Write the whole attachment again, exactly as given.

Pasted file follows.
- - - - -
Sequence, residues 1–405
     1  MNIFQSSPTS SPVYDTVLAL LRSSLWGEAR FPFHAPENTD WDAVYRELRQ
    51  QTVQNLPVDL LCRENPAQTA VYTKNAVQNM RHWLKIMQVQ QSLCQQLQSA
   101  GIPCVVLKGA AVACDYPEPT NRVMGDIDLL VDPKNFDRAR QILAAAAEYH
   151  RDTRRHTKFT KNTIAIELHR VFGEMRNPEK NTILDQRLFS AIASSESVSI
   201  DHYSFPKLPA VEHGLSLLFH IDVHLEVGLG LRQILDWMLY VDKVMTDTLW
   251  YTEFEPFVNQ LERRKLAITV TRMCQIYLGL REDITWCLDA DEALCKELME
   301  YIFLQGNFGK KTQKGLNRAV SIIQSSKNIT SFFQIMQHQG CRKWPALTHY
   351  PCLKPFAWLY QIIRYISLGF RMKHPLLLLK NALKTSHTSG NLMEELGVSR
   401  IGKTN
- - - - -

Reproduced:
Sequence, residues 1–405
     1  MNIFQSSPTS SPVYDTVLAL LRSSLWGEAR FPFHAPENTD WDAVYRELRQ
    51  QTVQNLPVDL LCRENPAQTA VYTKNAVQNM RHWLKIMQVQ QSLCQQLQSA
   101  GIPCVVLKGA AVACDYPEPT NRVMGDIDLL VDPKNFDRAR QILAAAAEYH
   151  RDTRRHTKFT KNTIAIELHR VFGEMRNPEK NTILDQRLFS AIASSESVSI
   201  DHYSFPKLPA VEHGLSLLFH IDVHLEVGLG LRQILDWMLY VDKVMTDTLW
   251  YTEFEPFVNQ LERRKLAITV TRMCQIYLGL REDITWCLDA DEALCKELME
   301  YIFLQGNFGK KTQKGLNRAV SIIQSSKNIT SFFQIMQHQG CRKWPALTHY
   351  PCLKPFAWLY QIIRYISLGF RMKHPLLLLK NALKTSHTSG NLMEELGVSR
   401  IGKTN